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New work on offer despite gloomy forecasts

Contractors should look to non-traditional ‘niche’ areas to counteract the forecast fall in construction activity, economists have said.

Overall activity across the construction sector is set to fall by 0.5 per cent in 2011 and by a further 2.8 per cent in 2012, according to the latest forecasts from the Construction Products Association.

The outlook for this year has improved slightly compared with the CPA’s survey three months ago, when it predicted activity in 2011 would fall by 0.8 per cent. But the forecast for 2012 has worsened from a predicted drop of 2 per cent in the last survey.

However, alongside the pessimism there are areas where contractors can find opportunities for new work.

The commercial office market is looking promising, with expected growth of 3.5 per cent this year, 10 per cent in 2012 and 18 per cent in 2013, according to the CPA forecasts.

This effect will be regional, as 40 per cent of the total office market is within central London, said CPA economics director Noble Francis (pictured).

Construction jobs following from investment in the electricity sector could also provide opportunities, he said.

The energy sector is set to grow by 14.5 per cent this year, 15.5 per cent the year after and 22.5 per cent in 2013.

“Energy opportunities are rife due to the planned nuclear power station activity and wind farms,” Dr Francis said.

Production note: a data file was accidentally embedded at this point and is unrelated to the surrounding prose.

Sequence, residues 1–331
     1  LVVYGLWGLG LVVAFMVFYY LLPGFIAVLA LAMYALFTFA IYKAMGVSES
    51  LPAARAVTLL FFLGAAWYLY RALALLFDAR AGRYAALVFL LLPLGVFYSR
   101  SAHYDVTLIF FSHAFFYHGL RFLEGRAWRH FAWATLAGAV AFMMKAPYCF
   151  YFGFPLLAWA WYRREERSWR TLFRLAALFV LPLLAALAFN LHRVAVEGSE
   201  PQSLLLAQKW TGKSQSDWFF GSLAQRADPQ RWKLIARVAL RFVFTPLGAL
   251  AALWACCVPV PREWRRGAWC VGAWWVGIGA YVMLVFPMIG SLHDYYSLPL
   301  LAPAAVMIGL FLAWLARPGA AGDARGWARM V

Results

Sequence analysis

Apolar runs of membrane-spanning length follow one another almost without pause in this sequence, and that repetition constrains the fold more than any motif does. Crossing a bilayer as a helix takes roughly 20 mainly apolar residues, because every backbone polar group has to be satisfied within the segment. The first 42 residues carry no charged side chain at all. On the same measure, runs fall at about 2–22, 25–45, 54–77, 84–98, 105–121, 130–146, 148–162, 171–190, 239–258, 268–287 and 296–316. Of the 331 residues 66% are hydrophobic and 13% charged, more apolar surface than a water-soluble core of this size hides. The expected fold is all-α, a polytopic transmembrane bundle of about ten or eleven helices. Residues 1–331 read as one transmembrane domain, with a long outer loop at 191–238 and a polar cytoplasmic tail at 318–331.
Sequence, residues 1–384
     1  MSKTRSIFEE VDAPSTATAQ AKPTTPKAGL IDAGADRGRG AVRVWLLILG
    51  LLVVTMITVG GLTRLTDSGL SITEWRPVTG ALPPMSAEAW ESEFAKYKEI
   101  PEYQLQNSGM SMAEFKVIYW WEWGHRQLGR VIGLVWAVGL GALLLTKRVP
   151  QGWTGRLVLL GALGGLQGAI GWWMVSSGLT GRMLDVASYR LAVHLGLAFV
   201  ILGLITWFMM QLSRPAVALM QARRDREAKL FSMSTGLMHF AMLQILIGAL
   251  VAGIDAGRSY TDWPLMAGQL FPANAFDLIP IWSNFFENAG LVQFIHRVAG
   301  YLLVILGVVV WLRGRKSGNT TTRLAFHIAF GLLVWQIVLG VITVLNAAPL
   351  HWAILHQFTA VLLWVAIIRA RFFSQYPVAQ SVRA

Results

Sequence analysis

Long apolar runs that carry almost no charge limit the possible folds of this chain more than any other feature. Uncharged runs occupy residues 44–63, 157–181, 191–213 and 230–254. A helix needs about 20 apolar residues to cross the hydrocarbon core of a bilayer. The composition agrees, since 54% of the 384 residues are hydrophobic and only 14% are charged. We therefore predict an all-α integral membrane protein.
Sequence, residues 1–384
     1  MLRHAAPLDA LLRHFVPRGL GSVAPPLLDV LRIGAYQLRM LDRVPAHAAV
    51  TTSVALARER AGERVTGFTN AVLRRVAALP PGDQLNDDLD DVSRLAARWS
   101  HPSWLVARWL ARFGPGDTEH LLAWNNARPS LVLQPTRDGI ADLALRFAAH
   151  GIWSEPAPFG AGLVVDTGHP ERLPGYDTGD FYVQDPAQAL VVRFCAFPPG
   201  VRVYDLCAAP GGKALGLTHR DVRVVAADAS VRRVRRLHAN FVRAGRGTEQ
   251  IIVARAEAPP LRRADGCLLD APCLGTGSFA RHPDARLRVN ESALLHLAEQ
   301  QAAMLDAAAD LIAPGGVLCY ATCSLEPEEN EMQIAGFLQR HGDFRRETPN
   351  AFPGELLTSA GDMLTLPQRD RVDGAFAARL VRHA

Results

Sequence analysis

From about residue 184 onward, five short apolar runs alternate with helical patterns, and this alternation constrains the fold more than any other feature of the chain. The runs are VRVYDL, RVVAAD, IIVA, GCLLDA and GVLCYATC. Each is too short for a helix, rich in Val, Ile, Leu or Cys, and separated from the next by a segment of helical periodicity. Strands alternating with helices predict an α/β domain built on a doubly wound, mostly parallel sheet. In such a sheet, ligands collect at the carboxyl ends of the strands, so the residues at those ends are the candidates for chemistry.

“But while a lot of the work here will be in the power station infrastructure, there are potential opportunities in the buildings surrounding it, as these stations will need operational support.”

Dr Francis said construction companies should look for opportunities in growing subsectors, as there was no reason why they could not move into these areas just because they do not traditionally operate in them.

Looking beyond the obvious types of work within these areas could present opportunities.

“Contractors should look to move into these growing sectors, as there are niches within them where they can find work.

“Projects such as those planned by Network Rail, for example, are not just about track building.

“A lot of it is major station refurbishment and that is high value output,” he said.

Meanwhile, the latest research from industry economists Experian stated that employment prospects for the industry - which have now fallen every month since January 2008 - remained ‘gloomy’.

The employment index was at 33, a drop of three points on the previous month and the lowest since May 2009.


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